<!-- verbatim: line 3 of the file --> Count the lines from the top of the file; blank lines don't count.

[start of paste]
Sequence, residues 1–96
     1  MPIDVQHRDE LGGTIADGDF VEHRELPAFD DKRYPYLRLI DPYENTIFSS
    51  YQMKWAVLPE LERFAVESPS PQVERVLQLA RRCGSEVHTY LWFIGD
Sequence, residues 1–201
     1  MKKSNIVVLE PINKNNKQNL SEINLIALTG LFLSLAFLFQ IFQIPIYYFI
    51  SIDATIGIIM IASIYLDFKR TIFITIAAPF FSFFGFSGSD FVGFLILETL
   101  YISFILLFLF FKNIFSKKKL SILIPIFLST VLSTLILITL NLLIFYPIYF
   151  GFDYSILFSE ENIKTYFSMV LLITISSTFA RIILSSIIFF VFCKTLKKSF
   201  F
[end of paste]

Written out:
    51  YQMKWAVLPE LERFAVESPS PQVERVLQLA RRCGSEVHTY LWFIGD